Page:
Bears know wounded Lions are still dangerous

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Bears know wounded Lions are still dangerous

The Detroit Lions have inflicted their share of injury to opponents and now are limping into a Game 16 with one starting defensive lineman on injured reserve, his replacement not able to practice and their best defensive back also not practicing at the end of a season in which he has played just seven games so far.

Defensive tackle and 2011 first-rounder Nick Fairley went on IR and his fill-in, Sammie Hill suffered a toe injury in Detroits loss to Atlanta. Safety Louis Delmas has battled a knee injury all season and cornerback Jacob Lacey was lost to IR with a knee injury in the Arizona game two weeks ago.

But the Bears arent especially concerned about who wont be there. For one thing, all five of the Lions who registered sacks of Jay Cutler in the Bears 13-7 win on Oct. 22 linemen Cliff Avril, Ndamukong Suh and Kyle Vanden Bosch, and linebackers Stephen Tulloch and Justin Durant are playing.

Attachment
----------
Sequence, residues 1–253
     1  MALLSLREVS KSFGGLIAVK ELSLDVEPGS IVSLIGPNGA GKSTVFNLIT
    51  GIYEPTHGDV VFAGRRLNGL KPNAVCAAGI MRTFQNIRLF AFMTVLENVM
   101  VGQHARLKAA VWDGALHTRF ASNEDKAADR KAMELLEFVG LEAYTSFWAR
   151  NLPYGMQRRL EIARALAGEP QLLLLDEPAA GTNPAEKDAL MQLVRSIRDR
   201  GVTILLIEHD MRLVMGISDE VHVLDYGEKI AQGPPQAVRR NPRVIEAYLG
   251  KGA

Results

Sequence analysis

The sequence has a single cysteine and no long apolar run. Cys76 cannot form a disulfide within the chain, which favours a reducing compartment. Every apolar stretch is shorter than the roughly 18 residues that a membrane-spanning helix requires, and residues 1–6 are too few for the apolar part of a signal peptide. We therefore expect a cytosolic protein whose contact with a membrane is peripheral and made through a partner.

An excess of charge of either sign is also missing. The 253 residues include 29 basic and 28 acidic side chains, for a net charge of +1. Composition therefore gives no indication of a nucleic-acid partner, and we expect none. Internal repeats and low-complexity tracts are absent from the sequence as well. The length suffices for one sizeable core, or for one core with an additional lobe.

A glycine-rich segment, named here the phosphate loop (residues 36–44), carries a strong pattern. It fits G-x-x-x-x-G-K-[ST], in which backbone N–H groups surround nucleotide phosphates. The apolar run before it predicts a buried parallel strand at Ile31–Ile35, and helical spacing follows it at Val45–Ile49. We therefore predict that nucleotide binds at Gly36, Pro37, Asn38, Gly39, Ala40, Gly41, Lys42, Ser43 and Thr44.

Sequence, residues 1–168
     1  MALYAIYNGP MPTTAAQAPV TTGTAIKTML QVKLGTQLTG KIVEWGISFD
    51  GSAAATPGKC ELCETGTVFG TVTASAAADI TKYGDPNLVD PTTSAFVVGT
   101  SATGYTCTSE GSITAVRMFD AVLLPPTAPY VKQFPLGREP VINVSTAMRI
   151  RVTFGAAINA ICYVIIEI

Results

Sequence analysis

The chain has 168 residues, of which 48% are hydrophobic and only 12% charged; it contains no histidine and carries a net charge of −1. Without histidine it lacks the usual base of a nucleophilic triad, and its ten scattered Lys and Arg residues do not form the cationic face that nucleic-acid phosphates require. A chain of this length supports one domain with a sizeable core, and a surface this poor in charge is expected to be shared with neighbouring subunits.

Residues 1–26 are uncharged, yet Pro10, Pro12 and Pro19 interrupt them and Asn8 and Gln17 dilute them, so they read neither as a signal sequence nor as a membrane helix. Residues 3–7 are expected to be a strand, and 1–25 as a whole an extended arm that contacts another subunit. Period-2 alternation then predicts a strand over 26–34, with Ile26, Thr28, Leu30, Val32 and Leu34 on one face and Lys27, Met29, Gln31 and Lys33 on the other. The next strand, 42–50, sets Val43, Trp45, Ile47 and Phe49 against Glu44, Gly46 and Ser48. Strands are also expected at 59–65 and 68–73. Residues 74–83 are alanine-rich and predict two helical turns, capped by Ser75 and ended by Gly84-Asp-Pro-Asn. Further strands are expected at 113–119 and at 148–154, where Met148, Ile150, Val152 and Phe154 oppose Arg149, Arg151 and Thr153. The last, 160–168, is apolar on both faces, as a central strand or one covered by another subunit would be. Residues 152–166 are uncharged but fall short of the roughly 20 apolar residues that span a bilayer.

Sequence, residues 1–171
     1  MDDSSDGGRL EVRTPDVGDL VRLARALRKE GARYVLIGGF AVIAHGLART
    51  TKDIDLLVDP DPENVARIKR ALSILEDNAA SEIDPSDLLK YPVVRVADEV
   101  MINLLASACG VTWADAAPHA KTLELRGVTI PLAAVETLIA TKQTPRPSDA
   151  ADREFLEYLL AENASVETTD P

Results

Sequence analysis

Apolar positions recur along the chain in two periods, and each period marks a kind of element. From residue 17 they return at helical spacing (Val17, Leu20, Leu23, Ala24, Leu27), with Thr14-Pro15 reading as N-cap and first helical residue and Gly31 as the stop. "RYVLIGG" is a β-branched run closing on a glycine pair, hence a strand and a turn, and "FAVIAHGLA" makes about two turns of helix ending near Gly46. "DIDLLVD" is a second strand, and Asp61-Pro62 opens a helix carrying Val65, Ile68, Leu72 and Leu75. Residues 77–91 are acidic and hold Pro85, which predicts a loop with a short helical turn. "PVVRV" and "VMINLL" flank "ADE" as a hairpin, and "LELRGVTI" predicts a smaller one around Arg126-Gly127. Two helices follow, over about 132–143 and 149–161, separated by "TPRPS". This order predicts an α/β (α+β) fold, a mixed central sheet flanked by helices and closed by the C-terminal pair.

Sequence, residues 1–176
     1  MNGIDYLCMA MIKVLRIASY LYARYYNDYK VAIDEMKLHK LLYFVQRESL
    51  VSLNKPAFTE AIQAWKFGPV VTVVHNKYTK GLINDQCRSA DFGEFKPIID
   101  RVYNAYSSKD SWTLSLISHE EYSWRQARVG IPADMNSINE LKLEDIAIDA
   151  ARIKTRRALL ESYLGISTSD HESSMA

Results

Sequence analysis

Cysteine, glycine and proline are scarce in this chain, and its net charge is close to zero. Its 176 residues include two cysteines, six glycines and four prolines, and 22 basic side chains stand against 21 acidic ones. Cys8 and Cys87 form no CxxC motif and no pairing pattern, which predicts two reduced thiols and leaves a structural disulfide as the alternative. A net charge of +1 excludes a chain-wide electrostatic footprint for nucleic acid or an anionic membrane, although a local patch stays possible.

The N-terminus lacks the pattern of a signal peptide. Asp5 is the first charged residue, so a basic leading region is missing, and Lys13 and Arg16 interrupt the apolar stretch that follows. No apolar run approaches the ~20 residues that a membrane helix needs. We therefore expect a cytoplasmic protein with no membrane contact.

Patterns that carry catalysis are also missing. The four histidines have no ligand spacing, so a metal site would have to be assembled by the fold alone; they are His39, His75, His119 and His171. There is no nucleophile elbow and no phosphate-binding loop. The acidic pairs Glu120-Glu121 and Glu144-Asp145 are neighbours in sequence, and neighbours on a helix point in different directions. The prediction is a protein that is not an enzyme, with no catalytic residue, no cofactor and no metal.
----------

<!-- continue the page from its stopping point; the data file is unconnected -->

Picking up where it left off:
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A couple guys banged up up front but theyve still got Suh, still got the edge rushers, new corner out there, said quarterback Jay Cutler. But its the scheme. Theyre going to try to get a lot of pressure from the front four, bring a few guys and play coverage behind it. Nothing we havent seen and we wont be prepared for.

The 2012 problem

Cutler has played as well against Detroit as against any team in his career. His teams have been 6-2 against the Lions and he has thrown 11 touchdown passes vs. one interception and put up a rating of 100.9, vs. a career rating of 83.9.

But Cutler has yet to establish himself as a championship quarterback and Sunday is one of those situations. The Bears have totaled just 13 points in two of the last three Detroit games, and the 37 in the third, game two of 2011 was deceiving. The offense netted 216 yards, the defense scored twice on interceptions and Devin Hester took a punt return to the end zone.

The Bears have won eight of their last nine games against the Lions but the credit belonged to more than the offense.

MORE: Win one for the...Lovie?

Indeed, part of the goal for the Bears offense on Sunday will be to play defense.